Unfortunately, I couldn’t laugh or smile at everything that happened this season. Sometimes reality hits hard. They old motto is “kids say the darndest things,” but in actuality, they’re brutally honest. Mom drinks too much. Dad’s never around and he doesn’t pay child support. Or we’re going to be homeless. Real life problems that winning in baseball won’t solve. My friends often tease me by comparing me to Keanu Reeves in “Hardball,” but the truth is, real life tends to be a lot less entertaining and a lot more eye-opening.

It’s the tear-jerking stories that make me want to come back and should make you want to get involved. Sometimes we don't realize that kids these days are lonelier than ever. Not every child has a reliable parent to turn to or someone willing to pay attention to them. Too many grow up with John Madden as their male role model and Grand Theft Auto has taught them far more about stolen cars than they will ever know about stolen bases.

It's really sad, especially when you hear from people who have already given up on a generation. Children need coaches and role models in their lives now more than ever. It's so easy too. Spend a couple hours a week with a youth. Mentor them. Coach them. Teach them. Do something.

It's not hard to have an impact on a child's life.

So make it happen.

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Education: Waiting For Superman Review

Monday

Originally Appeared at Rhode Island's Future on 10/3/2010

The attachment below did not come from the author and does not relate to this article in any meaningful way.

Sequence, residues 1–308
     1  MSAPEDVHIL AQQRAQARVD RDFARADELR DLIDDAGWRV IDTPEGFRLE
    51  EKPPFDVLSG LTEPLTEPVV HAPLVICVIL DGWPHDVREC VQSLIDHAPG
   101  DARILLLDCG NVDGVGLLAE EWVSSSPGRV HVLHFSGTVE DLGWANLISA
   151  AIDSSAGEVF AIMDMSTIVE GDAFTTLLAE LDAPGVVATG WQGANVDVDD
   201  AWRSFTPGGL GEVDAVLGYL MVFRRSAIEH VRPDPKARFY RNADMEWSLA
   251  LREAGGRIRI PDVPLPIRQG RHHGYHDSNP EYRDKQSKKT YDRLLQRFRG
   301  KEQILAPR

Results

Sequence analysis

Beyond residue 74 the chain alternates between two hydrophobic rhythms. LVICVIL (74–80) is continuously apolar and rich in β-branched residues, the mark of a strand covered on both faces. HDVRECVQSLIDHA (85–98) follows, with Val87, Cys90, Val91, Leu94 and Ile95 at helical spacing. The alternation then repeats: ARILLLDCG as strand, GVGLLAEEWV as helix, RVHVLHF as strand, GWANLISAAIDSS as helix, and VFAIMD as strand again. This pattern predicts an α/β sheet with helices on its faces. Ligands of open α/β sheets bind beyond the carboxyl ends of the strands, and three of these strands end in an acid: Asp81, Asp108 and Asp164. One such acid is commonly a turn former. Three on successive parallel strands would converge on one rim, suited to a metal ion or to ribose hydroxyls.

Last Wednesday evening, I had the opportunity to view a screening of Davis Guggenheim’s “Waiting for Superman” hosted by Harvard’s Center for Public Leadership. What I learned was this: Watching a documentary about education reform with a bunch of Ed School students is a lot like watching a Sox game at the Cask’n Flagon. Everybody thinks they’re an expert, which means a good discussion can quickly turn into a heated argument.


But that’s not what Guggenheim’s film is meant to do. Its target audience isn’t people who receive education-related Google alerts. Its objective, contrary to what some may think, isn’t to inspire hatred for teachers, unions, lunch ladies, recess or that damn recorder so few of us ever learn to play. “Waiting for Superman” is simply supposed to start a broad conversation amongst the general public about a topic we should all be paying more attention to. In that respect, Guggenheim passes with flying colors.

The film has two distinct tracks – one focusing on a system filled with thousands of “dropout factories” across the country and the other following the heart-wrenching story of five children applying for admission into a handful of high-performing charter schools.